In the years that preceded World War I, Fanning took part in the training schedule of the Atlantic Fleet, sailing to the Caribbean for winter maneuvers, and exercising off the coast of New England in the summers. Based at Norfolk during the major portion of each year, she joined in gunnery practice in this area.
As war raged in Europe, Fanning intensified her preparations for any eventuality. When two German auxiliary cruisers visited Norfolk in September 1916, Fanning acted as part of their escort while they sailed in United States territorial waters. On 8 October 1916 Fanning put out of Newport, Rhode Island to search for the crews of ships sunk not far from Nantucket Light Ship by the German submarine U-53. The destroyer recovered six survivors and landed them at Newport the next day. The presence of U-53 led to the speculation that a secret German submarine base might exist in the Long Island Sound–Block Island Sound area; Fanning searched from 12 to 14 October for evidence of such a base but found nothing and returned to her regular operating schedule.
During the latter half of October 1916, Fanning and the fuel ship Jason conducted experiments to develop methods of oiling at sea, a technique which has since given the United States Navy unbounded mobility and sea-keeping qualities. Torpedo and gunnery practices, and fleet maneuvers during the next 8 months sharpened Fanning’s war-readiness so that, true to Navy tradition, she was able to sail for distant service when called on in June 1917.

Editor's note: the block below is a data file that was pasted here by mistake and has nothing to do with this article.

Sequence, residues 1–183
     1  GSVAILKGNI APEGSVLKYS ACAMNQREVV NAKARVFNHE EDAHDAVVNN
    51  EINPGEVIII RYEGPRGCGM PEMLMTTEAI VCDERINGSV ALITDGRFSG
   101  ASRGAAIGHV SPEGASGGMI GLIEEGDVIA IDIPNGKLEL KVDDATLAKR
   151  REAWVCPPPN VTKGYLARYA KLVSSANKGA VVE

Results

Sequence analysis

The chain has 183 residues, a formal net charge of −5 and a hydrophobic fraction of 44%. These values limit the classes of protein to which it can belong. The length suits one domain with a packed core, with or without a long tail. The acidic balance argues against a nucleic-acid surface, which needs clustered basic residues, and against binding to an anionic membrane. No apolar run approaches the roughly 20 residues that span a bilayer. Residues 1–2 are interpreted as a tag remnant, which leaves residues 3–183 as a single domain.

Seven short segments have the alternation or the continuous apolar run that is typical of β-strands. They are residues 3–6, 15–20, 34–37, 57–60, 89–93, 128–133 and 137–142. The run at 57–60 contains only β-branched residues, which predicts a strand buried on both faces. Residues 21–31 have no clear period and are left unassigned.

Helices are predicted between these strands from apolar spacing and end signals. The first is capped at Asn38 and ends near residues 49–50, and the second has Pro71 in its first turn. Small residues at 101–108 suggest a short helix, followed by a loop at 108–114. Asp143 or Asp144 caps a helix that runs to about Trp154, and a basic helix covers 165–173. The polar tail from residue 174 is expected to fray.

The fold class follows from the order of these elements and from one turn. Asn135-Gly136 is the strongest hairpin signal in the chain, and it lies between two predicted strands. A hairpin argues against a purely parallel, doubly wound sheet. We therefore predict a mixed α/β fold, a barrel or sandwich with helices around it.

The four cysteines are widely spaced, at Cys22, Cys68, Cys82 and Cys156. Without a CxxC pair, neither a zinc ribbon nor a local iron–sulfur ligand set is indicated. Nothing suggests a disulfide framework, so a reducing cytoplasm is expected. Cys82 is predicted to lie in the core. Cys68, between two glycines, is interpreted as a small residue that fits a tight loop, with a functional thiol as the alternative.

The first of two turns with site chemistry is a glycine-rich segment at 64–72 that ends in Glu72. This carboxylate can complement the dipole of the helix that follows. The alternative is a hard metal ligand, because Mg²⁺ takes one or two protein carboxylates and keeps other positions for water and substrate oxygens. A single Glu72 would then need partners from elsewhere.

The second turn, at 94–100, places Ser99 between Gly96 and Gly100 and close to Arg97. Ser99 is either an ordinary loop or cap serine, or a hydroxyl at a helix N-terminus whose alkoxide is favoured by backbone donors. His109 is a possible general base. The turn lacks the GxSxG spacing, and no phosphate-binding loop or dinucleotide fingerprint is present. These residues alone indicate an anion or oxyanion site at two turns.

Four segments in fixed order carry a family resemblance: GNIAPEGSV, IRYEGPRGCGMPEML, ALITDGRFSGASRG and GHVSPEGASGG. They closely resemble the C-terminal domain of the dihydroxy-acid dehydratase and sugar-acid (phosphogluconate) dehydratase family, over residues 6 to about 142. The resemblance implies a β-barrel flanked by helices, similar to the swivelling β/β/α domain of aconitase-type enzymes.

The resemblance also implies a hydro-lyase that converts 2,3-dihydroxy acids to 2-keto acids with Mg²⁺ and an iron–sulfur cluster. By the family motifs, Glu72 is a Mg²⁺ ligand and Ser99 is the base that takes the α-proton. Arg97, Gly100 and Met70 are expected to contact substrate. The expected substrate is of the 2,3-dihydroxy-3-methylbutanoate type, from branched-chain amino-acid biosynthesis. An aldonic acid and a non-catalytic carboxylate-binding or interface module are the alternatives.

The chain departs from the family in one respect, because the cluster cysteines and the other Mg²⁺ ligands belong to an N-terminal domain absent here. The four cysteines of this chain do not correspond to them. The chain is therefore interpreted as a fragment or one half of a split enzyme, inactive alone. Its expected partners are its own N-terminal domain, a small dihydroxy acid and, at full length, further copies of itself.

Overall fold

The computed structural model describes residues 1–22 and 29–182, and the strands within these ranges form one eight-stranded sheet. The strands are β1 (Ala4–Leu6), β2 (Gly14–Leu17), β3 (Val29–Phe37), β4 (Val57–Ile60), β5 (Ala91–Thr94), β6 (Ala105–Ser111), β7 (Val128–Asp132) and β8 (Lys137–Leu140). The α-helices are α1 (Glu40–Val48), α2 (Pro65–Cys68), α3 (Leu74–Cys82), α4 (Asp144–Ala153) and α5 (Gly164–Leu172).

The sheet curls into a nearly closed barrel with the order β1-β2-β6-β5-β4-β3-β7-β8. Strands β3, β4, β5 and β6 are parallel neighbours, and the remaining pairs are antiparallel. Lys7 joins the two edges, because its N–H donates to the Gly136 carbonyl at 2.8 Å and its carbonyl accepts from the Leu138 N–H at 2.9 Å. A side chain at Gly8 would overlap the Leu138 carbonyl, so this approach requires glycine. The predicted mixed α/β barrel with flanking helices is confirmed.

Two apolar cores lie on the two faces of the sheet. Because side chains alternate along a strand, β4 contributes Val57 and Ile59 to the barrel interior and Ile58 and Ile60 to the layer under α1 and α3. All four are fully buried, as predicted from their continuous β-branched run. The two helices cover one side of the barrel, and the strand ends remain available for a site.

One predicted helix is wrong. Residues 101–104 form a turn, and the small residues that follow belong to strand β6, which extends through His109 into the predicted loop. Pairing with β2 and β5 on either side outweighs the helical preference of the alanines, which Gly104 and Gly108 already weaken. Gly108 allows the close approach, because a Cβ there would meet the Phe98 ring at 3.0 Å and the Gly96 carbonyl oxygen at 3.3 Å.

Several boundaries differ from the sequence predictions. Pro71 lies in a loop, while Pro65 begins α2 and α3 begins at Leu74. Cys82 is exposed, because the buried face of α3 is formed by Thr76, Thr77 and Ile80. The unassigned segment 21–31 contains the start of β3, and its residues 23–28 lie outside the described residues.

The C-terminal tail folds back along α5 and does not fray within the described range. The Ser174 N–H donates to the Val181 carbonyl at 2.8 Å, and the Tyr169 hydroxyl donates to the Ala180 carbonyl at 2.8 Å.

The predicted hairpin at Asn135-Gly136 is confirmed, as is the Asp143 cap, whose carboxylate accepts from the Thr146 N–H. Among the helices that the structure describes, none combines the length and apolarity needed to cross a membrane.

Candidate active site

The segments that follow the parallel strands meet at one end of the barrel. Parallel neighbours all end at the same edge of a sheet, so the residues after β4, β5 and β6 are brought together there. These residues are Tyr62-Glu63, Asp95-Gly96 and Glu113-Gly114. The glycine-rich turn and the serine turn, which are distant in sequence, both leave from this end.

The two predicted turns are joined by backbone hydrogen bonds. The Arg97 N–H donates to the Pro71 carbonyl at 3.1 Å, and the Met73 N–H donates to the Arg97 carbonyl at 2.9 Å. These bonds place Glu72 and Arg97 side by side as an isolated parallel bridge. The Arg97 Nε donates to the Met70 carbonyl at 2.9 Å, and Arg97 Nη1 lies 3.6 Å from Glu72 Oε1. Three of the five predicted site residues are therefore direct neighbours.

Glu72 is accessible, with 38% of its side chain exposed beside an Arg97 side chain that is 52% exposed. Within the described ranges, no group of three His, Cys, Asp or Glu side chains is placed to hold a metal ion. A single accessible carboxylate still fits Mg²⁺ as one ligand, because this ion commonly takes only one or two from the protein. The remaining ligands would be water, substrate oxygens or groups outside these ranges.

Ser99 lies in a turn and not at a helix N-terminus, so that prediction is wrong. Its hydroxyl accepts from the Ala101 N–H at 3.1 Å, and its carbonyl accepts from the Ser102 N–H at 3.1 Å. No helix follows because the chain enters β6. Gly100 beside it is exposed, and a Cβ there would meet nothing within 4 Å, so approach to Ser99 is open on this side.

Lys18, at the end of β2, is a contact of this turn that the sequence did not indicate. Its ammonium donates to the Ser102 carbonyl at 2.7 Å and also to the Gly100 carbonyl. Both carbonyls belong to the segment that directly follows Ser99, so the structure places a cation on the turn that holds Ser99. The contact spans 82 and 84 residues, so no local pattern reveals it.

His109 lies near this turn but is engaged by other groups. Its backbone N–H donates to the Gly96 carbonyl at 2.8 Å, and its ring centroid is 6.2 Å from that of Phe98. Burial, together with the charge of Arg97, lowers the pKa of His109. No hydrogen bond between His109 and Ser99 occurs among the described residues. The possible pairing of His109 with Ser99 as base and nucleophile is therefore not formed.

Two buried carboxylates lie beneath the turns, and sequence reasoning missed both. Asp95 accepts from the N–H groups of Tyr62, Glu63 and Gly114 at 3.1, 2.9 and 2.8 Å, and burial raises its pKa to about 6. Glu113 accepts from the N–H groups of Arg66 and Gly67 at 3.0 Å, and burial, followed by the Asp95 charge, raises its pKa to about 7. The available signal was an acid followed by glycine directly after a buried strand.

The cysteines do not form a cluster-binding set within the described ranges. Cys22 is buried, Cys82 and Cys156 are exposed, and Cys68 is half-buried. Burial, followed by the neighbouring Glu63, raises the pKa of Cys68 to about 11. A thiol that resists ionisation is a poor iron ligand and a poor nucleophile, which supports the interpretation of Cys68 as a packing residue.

Based at Queenstown, Ireland, Fanning and her sister destroyers patrolled the eastern Atlantic, escorting convoys and rescuing survivors of sunken merchantmen. On the afternoon of 17 November 1917 an alert lookout on board Fanning sighted the periscope of U-58, and the destroyer quickly moved in on the attack. Fanning’s first depth charge pattern scored and as Nicholson (DD-52) joined the action, the submarine broke the surface, her crew pouring out on deck, hands raised in surrender. Fanning maneuvered to pick up the prisoners as the damaged submarine plunged to the bottom, the first of two U-boats to fall victim to United States Navy destroyers in World War I.
Fanning continued escort and patrol duty for the duration of the war. Though she made numerous submarine contacts, all of her attacks were inconclusive. On many occasions she went to the aid of torpedoed ships, rescuing survivors and carrying them into port. On 8 October 1918, she picked up a total of 103 survivors, 25 from a merchantman and 78 from the French cruiser Dupetit-Thouars.
Fanning passed in review before President Woodrow Wilson on board transport George Washington in Brest Harbor on 13 December 1918, then remained at Brest until March of the following year. After a quick voyage to Plymouth, England, Fanning departed Brest for the States by way of Lisbon, Portugal and Ponta Delgada, Azores in company with several other destroyers, and escorting a large group of submarine chasers. Fanning was placed out of commission at Philadelphia on 24 November 1919. On 7 June 1924 she was transferred to the Coast Guard with whom she served until 24 November 1930. Fanning was sold for scrap 2 May 1934.
Source: Naval History & Heritage Command including the Dictionary of American Naval Fighting Ships.